Flickering in Time-Lapse HDR IBL

I often mention flickering as part of our time-lapse HDRI sky dome products – I don’t want anyone to have any unpleasant surprises prior to purchasing, and I’d like people to know what to expect if they choose a time-lapse that features flickering, so they can factor it into their schedule and workflow. So with that said, lets first have a look at a worst case scenario for a flickering scene using the footage for the full day time-lapse. If you watch the CG animation in the top right you’ll see flickering pretty much as bad as it can get with large, flat, bright surface areas of diffuse material, filling half of the frame. Notably, you can see the flickering stops around 11 seconds as the clouds thin out:

and here’s another test render of mine with Afternoon2Night01¬†that features some flickering, but not as harsh. I actually think it adds something in this case:

What is it exactly?

There are two types and causes of flickering, most assume its the first –

  1. When shooting time-lapse photography (the normal, non HDR kind) with auto settings or anything but wide-open aperture, each frame will be slightly lighter or darker due to slight differences in aperture diameter and the camera choosing different shutter speeds. The time-lapse HDRIs were not shot with auto settings, and there is no flicker due to aperture either.
  2. In time-lapse HDR image based lighting, normally slow changes in cloud cover and lighting conditions are greatly sped up, causing not slow subtle changes in brightness, but fast changes from frame to frame.

This short article will cover number 2 exclusively. Again to re-iterate and state this as simply as possible:

Flickering in IBL animations using time-lapse HDRI is caused by normally slow changes in light levels and cloud cover to be sped up greatly

So in a cloudy sky you would normally (in real-time) notice the sun going in and out of cloud cover, the strength of the sun slowly rising and falling as it is concealed and revealed. If we instead photograph the sky once per minute or so, we can get a situation where in frame A, the sun is completely behind cloud, then frame B shows a bright, fully visible sun. If this continues on, in a worst case scenario, lighting will go from bright to dull every other frame, creating a strobing, flickering effect.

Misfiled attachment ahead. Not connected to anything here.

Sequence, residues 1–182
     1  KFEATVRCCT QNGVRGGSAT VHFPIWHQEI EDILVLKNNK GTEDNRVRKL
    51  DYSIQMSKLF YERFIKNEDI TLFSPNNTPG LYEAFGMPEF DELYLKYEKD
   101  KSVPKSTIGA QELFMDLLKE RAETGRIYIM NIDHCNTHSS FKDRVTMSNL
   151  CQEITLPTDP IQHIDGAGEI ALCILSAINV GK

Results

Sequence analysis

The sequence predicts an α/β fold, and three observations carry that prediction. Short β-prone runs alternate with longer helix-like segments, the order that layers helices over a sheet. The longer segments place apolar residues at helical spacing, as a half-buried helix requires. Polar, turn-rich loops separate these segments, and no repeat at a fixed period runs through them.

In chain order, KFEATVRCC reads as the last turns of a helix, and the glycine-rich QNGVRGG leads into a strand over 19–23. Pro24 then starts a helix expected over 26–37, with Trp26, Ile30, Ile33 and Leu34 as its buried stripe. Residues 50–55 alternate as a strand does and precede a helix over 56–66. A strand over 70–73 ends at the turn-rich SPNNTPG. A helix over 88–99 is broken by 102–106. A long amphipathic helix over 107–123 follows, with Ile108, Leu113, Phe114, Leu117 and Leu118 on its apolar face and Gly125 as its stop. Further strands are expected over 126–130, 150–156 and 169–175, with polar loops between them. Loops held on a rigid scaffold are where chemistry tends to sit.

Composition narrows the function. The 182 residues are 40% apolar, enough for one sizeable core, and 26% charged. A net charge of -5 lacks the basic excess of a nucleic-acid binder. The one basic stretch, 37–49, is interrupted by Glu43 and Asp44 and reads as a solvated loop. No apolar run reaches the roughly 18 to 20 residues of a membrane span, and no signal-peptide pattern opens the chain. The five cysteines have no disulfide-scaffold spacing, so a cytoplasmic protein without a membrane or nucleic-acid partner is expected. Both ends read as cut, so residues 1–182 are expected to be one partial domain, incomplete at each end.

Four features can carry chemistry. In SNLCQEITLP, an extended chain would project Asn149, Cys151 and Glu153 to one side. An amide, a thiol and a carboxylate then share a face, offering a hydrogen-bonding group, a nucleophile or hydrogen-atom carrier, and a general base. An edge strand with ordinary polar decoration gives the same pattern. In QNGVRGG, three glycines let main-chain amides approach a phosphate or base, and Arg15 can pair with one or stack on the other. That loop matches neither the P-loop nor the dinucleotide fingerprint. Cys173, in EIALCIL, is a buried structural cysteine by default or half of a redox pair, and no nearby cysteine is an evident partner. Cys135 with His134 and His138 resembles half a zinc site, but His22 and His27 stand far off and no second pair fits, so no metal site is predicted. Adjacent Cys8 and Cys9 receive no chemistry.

This flickering effect is mostly visible in the time-lapses “Full Day” and “Half Day” as they were both shot on cloudy days with roughly 1 minute intervals. In the other skies, the effect is far more subtle and more short lived, and you can see preview renders of how the lighting/flickering looks in the videos below. Note that the sky itself will never flicker, just the scene due to changes in cloud cover:

Is it “bad”?

Some testers and customers have been put off by the effect, others quite like it and think it looks realistic. I believe you’ll find that depending on your scene composition and material usage you may or may not find it a problem. For example, a scene composed featuring little sky, with large open plains, the lighting will be clearly visible and affect most of the frame. On the other hand if half of your composition is water or a darker/less diffuse material, glass, etc, and the other half of the frame is the sky itself, then the flickering effect is less noticeable. You can always judge for yourself and test it in your own scenes by trying out the full day sample footage, available here.

How do I reduce it?

There are a number of ways you can fix or reduce the effect, if you need/want to. The simplest would be clamping the sun or adjusting gamma to give you less intense lighting. This is an ok solution as its quick and doesn’t affect light colors much, but you’ll probably need to adjust other parts of your lighting solution. On the other end of the spectrum, you can just use the time-lapse for ambient lighting (clamp the sun) and put in your own virtual sun. Another technique that may help is tonemapping, this would work in a similar manner to gamma adjustment where the changes in lighting are lessened slightly. You could even try de-flickering the end render result, though I didn’t have a huge amount of success with this.

Virtual sun settings

If you choose to clamp and replace or compliment the sun light in the HDRI with a virtual sun, and are using any form of daylight solution, you may be able to plugin the following lat/long settings and dates. As I’ve sun aligned the sun to always set in the center of the frame, you’ll probably need to rotate it to match. I’ve had a customer already have success with this.

The time-lapses were shot in Adelaide, South Australia, so the lat/long settings are:
Latitude: 34.9 S
Longitude: 138.6 E

They were shot on the dates:
FullDayCloudy: 29/11/2013
HalfDayCloudy: 10/11/2013

If you tried the samples or purchased one of the full-day or half-day time-lapses (or tried the samples) I’d be keen to know what approach you took in the comments. At some stage I hope to have a more in-depth page perhaps with tutorials and/or making-ofs that show an exact workflow.